Black and white photography depicting the architecture and landscape of Jackson was displayed in the town’s Volunteer Fire Department on Saturday, alongside tourism brochures about East Feliciana Parish, an insert showing grocery store prices, a Watchman newspaper and pop culture lists compiled by area students.

The items were part of a Saturday celebration, the final in a year of bicentennial activities and events celebrating Jackson’s 200th birthday.

The memorabilia will be enclosed inside a time capsule and preserved either at Jackson Town Hall or featured inside a special case and opened 100 years from now, explained Mary Jo Salmon, chairwoman for Jackson’s bicentennial committee.

“I did my research on time capsules and learned that things have to be preserved a very specific way,” Salmon said. “There were so many things we couldn’t include, such as electronics, things with batteries or color photography. All of that stuff will not keep underground, which is one of the reasons we decided not to actually bury the time capsule.”

The photographs of the town buildings, churches and street scenes, which were taken by Yolanda D’Aquilla, could only be submitted in black and white and printed on special acid-free paper. The photographer and her husband, St. Francisville Mayor Billy D’Aquilla, donated the printing costs for the images.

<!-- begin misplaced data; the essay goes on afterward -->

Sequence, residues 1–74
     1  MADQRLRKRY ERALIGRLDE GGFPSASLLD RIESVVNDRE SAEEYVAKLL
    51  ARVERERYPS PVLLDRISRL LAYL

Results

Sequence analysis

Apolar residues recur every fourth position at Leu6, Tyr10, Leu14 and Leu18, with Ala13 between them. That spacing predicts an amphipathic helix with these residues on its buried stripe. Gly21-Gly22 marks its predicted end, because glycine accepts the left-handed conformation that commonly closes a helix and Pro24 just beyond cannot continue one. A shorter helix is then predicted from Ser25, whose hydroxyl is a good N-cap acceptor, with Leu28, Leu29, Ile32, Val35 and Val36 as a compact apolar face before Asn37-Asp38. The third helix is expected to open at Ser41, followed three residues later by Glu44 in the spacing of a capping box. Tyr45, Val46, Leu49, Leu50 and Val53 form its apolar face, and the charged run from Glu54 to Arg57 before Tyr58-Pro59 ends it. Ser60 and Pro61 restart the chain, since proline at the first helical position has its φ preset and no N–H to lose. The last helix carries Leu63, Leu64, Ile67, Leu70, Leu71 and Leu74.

Students from East Feliciana High School and Jackson Elementary listed popular movies, songs, television shows, books, toys, sports teams, electronic gadgets, cars, fashion and more from present day to be included in a cylindrical stainless steel capsule, which has been registered with an Atlanta-based company that keeps official records of capsules worldwide.

Attendees of Saturday’s program were invited to sign their names using special archival ink on acid-free paper.

Anything printed, such as copies of newspaper articles, pamphlets and menus will all have to be recopied on the special so they will last the next centennial, Salmon said.

Salmon, who has worked previously on the town’s Master Plan, thanked the dozens of volunteers and organizations who helped with the bicentennial events over the past year.

“We especially want to thank Mayor Charles Coleman for making the bicentennial celebrations possible, both with funding and in direction,” Salmon said.

During the program, the Rev. Clark Fooshee, pastor of Second Baptist Church in Jackson, said a prayer blessing Jackson leaders, first responders and program organizers.

Women from the church’s choir and Fooshee sang Christmas carols, and refreshments were served.